Nativity play school polling stations row deepens

By Sean Coughlan
BBC News family and education correspondent

Image source, Getty Images

Election officers have hit back angrily at calls from the education secretary for general election polling stations not to be placed in schools.

Gavin Williamson wanted to avoid disruption to school nativity plays and Christmas concerts, which could clash with the 12 December election day.

But election officers have written to the education secretary to express their "extreme disappointment".

They say in many areas there are "no alternatives" to using schools.

This week Mr Williamson wrote to returning officers telling them that councils would be funded to find alternative venues for polling stations - and not to use schools as places to vote.

Manger danger

He said he wanted to make sure that "long-planned and important events" in schools at Christmas, such as plays and carol concerts, would not have to be cancelled.

But the announcement has prompted anger from the Association of Electoral Administrators, which is the professional body representing people who run elections.

In a stinging letter to Mr Williamson, they accuse him of a "complete lack of knowledge and understanding".

"We question why this letter was sent out so late, after most polling stations have already been booked," say the election officers, who warn that arranging a December election at short notice is already challenging enough.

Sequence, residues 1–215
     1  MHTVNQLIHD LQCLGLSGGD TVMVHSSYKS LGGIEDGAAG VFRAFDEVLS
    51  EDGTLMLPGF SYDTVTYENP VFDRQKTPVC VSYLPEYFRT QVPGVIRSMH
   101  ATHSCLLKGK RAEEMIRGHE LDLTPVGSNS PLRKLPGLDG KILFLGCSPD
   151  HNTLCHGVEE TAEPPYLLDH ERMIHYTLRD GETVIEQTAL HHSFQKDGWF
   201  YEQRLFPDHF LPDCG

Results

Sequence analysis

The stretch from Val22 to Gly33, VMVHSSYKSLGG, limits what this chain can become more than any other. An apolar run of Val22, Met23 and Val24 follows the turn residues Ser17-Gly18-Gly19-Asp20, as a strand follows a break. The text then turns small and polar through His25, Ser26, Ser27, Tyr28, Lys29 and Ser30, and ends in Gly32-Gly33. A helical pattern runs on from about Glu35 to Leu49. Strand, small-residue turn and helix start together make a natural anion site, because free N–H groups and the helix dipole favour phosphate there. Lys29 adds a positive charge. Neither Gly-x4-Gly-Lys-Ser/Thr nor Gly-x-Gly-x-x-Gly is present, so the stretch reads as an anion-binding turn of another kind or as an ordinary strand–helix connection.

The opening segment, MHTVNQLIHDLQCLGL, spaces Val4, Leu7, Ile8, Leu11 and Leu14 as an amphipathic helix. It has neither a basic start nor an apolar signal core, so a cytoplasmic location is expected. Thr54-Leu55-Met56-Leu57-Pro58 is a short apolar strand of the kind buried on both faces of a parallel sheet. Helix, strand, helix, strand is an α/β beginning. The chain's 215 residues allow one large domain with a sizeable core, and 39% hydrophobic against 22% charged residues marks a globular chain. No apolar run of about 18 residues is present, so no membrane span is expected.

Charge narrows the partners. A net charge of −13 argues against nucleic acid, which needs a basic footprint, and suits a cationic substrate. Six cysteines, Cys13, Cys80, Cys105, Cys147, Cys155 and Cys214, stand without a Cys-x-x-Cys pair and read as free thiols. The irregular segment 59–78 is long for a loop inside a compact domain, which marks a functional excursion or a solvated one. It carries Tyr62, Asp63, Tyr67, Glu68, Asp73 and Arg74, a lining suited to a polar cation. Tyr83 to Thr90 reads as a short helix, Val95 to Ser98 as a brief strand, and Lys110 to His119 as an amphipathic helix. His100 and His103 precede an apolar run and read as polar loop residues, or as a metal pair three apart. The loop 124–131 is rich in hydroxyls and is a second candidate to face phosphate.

Image source, Getty Images

They reject Mr Williamson's claim that "every community" will have alternative venues for voting, so that schools will not have to be used.

"That is simply not the case. In many parts of the United Kingdom, including towns and cities but especially in rural areas, there are simply no alternatives to the venues designated as polling places," says the letter from the association.

Chief executive Peter Stanyon says the process of deciding where to locate polling stations has mostly taken place - and the data has been sent to printers for polling cards.

He says schools are used as polling stations because they are well-known local venues and are likely to be accessible for people with disabilities - and often there are not any other practical options.

The move not to use schools for polling stations had been backed by head teachers' leader Geoff Barton.

He said many schools would have Christmas events scheduled - and he questioned whether schools were really "suitable venues" for voting, particularly when elections had become more frequent.

More on this story